HOSTS- Jeremy Burns, Matthew Scott Phillips
TYPE- Ear Training
BUMPER MUSIC- "The Forgotten Chord" (Area 47 Music)
ANNOUNCER- Mike Cunliffe
We've already given a good listen to the interval. Let's add one more note to it and hear what the triad sounds like. We will discuss the sonic characteristics of the four basic triads: major, minor, augmented and diminished and their inversions. We will also stack on one more note and talk about the standard basic 7th chords: major major seventh (M7), major minor seventh (Mm7 or the dominant 7th), minor seventh (m7) and even the elusive
minor major seventh chord (mM7).
INTERVAL- The distance between two notes, harmonically or melodically. An interval consists of two components: 1) NUMBER and 2) QUALITY.
TRIAD- A group of three notes: the root note, the note a 3rd above it and the note a 5th above it. This can also be viewed as a combination of two intervals, each that of a 3rd.
MAJOR TRIAD- ROOT + MAJOR 3rd + PERFECT 5th
MINOR TRIAD- ROOT + MINOR 3rd + PERFECT 5th
DIMINISHED TRIAD- ROOT + MINOR 3rd +
AUGMENTED TRIAD- ROOT + MAJOR 3rd + AUGMENTED 5th
Root position is considered to be the most stable of all note arrangements for the basic triad.
In 1st inversion, listen for the 4th in the highest register. This interval is a little more pronounced in 1st inversion.
In 2nd inversion, listen for the THIRD in the highest register. You can often identify the third by singing down, 3 scale steps, to the TONIC or the ROOT.
Where we listened for the PERFECT 4th interval in MAJOR and MINOR 1st INVERSION TRIADS, we will have to listen for the DIMINISHED 5th in DIMINISHED TRIADS.
Where we listened for the PERFECT 4th interval in MAJOR and MINOR 1st INVERSION TRIADS, we will have to listen for the MAJOR 3rd in
AUGMENTED TRIADS in 1st INVERSION.
THE SAME LISTENING TECHNIQUES CAN APPLY TO MAJOR AND MINOR TRIADS
You must always listen for the BASS note as a frame of reference. You may hear an overwhelming THIRD in the high register,. However, if a THIRD is in the bass voice, this triad is actually in 1st INVERSION.
Since the full SEVENTH CHORD contains 4 notes, we will no longer call them TRIADS.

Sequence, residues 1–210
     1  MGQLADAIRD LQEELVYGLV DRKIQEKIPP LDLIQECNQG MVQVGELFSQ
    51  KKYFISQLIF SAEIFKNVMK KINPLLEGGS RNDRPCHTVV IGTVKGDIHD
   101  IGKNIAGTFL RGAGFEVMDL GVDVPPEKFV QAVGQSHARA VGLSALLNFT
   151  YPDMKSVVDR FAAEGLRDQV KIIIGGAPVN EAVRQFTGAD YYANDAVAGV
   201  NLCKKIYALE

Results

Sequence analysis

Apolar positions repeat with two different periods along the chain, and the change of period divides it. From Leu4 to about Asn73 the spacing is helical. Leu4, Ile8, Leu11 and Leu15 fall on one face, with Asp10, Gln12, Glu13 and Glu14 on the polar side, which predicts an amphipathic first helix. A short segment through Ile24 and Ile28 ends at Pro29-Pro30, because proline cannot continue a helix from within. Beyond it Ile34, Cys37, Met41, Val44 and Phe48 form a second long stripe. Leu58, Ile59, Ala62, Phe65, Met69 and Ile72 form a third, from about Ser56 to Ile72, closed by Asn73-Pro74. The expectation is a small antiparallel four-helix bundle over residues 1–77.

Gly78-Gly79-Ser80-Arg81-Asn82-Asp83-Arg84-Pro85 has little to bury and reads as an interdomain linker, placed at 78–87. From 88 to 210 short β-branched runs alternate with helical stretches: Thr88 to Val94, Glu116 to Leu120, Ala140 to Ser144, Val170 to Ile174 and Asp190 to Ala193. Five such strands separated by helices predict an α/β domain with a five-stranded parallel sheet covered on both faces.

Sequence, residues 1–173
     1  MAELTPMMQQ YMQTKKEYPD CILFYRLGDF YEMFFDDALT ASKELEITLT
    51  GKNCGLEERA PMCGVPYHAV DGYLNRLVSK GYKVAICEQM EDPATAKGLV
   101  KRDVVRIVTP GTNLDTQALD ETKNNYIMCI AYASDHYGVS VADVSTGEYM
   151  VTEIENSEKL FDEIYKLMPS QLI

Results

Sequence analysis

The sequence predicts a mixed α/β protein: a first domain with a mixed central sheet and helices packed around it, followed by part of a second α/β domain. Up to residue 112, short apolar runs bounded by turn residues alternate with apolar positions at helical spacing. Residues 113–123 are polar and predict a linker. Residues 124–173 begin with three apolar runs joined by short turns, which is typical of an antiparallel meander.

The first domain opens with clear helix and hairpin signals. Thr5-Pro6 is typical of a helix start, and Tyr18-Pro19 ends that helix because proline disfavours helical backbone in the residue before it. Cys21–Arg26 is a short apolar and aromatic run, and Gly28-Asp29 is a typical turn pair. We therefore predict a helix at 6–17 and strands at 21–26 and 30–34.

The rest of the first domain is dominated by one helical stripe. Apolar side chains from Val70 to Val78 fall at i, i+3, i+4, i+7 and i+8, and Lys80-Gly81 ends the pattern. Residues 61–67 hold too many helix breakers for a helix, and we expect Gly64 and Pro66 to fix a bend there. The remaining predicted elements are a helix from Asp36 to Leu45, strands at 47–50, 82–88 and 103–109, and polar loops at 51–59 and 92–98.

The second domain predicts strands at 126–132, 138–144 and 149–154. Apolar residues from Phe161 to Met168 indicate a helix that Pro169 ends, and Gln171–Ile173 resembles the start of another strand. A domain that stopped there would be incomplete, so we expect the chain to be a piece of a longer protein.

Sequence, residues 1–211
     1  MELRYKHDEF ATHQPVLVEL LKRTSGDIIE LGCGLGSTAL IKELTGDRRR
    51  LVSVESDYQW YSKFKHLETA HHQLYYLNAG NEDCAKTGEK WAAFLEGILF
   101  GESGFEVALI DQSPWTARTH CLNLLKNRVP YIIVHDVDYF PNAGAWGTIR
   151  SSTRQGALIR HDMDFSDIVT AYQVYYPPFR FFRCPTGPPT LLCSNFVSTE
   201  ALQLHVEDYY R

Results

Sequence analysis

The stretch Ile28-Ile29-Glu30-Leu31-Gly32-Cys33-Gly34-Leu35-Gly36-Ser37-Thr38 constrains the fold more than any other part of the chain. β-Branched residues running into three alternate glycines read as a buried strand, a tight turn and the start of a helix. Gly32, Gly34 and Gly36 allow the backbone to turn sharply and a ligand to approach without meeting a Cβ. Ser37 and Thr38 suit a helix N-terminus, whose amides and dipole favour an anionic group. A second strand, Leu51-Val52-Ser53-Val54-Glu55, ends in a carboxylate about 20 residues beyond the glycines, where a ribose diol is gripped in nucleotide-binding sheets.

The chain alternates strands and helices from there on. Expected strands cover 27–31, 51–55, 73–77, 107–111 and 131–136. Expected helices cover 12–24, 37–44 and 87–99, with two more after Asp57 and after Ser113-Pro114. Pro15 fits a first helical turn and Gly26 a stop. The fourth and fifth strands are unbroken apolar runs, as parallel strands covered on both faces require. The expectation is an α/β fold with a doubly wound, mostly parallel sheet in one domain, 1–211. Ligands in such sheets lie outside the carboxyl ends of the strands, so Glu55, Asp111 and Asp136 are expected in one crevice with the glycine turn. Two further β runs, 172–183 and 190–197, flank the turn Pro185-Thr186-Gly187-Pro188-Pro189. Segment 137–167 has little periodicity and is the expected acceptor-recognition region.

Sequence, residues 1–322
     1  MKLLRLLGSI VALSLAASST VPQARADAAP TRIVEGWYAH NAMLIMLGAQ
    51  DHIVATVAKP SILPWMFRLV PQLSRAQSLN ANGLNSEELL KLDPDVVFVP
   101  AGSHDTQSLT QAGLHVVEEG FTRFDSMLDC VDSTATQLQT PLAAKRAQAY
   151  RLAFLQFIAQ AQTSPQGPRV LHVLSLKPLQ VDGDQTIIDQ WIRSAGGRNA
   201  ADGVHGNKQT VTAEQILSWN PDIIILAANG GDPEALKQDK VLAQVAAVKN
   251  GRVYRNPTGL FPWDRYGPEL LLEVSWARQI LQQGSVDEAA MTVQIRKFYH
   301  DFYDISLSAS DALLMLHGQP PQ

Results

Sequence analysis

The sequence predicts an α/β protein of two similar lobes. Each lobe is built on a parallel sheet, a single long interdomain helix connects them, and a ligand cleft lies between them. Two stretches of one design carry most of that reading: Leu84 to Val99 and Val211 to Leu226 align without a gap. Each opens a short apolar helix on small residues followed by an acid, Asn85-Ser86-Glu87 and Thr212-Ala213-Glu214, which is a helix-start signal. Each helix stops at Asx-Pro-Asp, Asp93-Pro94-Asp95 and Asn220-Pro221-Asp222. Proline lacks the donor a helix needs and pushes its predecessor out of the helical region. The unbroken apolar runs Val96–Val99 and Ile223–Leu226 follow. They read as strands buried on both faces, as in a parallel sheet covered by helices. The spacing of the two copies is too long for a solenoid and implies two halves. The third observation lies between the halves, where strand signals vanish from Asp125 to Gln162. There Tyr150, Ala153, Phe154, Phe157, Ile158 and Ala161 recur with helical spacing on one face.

MAJOR MAJOR SEVENTH CHORD (M7 or MAJOR 7th)
ROOT + M3 + P5 + M7
(dreamy, sweet, meandering, uncertain)
MAJOR MINOR SEVENTH CHORD
(Mm7 or DOMINANT 7th)
ROOT + M3 + P5 + m7
(has a strong need to resolve to the tonic triad)
MINOR MAJOR SEVENTH CHORD (mM7)
ROOT + m3 + P5 + M7
(disorienting, floaty, listen for the augmented 5th)
MINOR SEVENTH CHORD (Mm7 or DOMINANT 7th)
ROOT + m3 + P5 + m7
(train whistle chord, listen for the m3 and m7, unstable but doesn't demand the same
resolution as the Mm7)
-Try not to think of a triad as one sound. Rather, try to hear each of the 3 notes that make it up. Get used to singing them in your head, high to low or low to high (whichever you're most comfortable with).
-In ROOT POSITION, the basic triad is in its most stable position. You will not detect a PERFECT 4th.
-In 1st INVERSION, listen for a PERFECT 4th in the upper register. That interval is the strongest in this position.
-In 2nd INVERSION, listen for the MAJOR or MINOR THIRD, as the case may be, in the highest register. You can usually detect the 3rd by singing down to the root from that note. There will be a PERFECT 4th in this position but it will be a weaker sonority than that of the THIRD.
-Diminished chords have a feeling of tension while augmented chords have more of a "floaty" or disorienting feel.
-Where we listened for the PERFECT 4th interval in MAJOR and MINOR 1st INVERSION TRIADS, we will have to listen for the DIMINISHED 5th in DIMINISHED TRIADS and for the MAJOR 3rd in AUGMENTED TRIADS in 1st INVERSION.
"The Forgotten Chord"
(Area 47 Music)
Brian Maloy- drums
Jeremy Burns- bass, piano
MUSIC STUDENT 101